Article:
The Great Siege of Malta 1565 by Ernle Bradford (1961)
Heidi sent me a copy of this book. It made for gripping reading.
In 1565 the Ottoman Empire, under Sultan Suleiman the Magnificent, was the strongest single military force in all the world. Suleiman tried to conquer all of Europe by land, but was stopped at the gates of Vienna. He then tried to conquer by sea.
One small obstacle opposed him: the fortified island of Malta, held by the Knights of St. John commanded by their Grand Master, Jean de La Vallette. Expecting to reduce the island in a matter of days, and so break through into the Western Mediterranean, Suleiman sent an army and a fleet, a great armada carrying at least 30,000 men, artillery and siege equipment galore. Against them, La Vallette had some 500 knights and squires, three or four thousand regular soldiers and cavalry, and another few thousand hastily-equipped native Maltese “irregulars.” With these he had three forts to defend–and no realistic help of assistance from any European power.
With day-and-night artillery support, the Turks threw wave after wave of attackers against the forts. The smallest and oldest of the forts, St. Elmo, which the Ottomans expected to wipe out in just a few days, resisted to the last man and ate up over a month, costing the attackers some 4,000 casualties.
The other two forts, St. Angelo and Birgu, with breaches torn into their walls by cannonballs, bombarded from all directions day and night, nevertheless repelled every attack. Incredibly, the Turks, having suffered terrible losses (at least 25,000 men, according to contemporary sources), were forced to withdraw. Very few of that great army made it back alive to Constantinople.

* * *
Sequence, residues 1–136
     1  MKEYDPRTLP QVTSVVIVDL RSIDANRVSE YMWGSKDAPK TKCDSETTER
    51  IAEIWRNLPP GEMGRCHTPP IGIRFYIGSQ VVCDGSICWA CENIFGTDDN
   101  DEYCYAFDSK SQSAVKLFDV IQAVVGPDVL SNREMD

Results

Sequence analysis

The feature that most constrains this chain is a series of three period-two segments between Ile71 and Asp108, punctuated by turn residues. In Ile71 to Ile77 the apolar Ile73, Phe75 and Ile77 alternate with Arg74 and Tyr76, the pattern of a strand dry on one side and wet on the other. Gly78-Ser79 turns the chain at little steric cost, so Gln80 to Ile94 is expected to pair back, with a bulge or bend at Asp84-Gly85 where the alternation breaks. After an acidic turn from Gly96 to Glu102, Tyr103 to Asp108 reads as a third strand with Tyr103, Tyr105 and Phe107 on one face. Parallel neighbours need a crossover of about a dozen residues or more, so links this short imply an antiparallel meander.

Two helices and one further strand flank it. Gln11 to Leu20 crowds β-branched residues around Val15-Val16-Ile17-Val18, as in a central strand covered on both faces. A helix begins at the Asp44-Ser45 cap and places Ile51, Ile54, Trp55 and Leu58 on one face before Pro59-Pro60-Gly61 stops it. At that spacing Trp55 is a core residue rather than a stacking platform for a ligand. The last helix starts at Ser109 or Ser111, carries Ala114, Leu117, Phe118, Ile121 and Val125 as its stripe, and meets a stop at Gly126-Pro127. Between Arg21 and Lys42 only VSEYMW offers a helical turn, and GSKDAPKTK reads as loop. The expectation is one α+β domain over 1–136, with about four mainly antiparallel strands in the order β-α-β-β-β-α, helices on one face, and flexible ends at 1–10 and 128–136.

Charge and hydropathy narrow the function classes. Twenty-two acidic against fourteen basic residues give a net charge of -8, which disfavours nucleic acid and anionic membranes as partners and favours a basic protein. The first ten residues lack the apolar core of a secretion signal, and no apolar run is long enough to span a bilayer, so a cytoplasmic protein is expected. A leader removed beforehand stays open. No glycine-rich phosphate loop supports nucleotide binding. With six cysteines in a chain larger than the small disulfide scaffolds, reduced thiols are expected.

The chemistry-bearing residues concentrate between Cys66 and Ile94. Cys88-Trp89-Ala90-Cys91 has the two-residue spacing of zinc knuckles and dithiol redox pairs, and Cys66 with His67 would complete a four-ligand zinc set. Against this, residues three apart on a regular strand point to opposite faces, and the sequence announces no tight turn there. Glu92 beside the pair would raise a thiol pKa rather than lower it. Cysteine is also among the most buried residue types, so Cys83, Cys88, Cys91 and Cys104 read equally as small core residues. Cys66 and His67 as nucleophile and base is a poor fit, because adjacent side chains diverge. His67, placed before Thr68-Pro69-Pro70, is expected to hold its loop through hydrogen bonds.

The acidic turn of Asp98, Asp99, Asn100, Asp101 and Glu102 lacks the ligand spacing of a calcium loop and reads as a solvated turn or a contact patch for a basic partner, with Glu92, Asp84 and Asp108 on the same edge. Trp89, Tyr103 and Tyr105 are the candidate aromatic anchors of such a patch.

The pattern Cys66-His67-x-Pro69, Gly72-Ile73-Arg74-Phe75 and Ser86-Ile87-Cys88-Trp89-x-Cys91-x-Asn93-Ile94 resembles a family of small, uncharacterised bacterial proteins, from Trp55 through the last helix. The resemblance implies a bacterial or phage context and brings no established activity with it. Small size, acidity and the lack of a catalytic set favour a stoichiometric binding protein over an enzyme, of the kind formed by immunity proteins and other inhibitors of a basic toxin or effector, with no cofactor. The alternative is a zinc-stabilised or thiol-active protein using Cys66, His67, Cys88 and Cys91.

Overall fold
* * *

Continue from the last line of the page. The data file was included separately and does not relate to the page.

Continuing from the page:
Enduring every kind of privation, forced to fight while carrying great wounds, cut off from the outside world, the knights and their soldiers held the island.
Suleiman tried one more time, in 1571, to break through Christendom’s defenses. His fleet was decisively defeated in the Battle of Lepanto. This began the long decline of the Ottoman Empire, culminating in its final destruction in World War I.
The extraordinary heroism and devotion of the Knights of St. John changed the course of world history. We can’t help but wonder if Europe will ever again be able, or even willing, to defend itself so valiantly. It is once again being attacked by Islam, this time without military force. But instead of the knights we have all these characters who seem to have crawled out from a murky Swedish movie.
Omnipotent God will decide whether Europe will survive, this time.
Who would you rather have defending you? The Knights of St. John, or a lot of self-serving globalists whose god is their bank account and whose creed is radical moral uncertainty?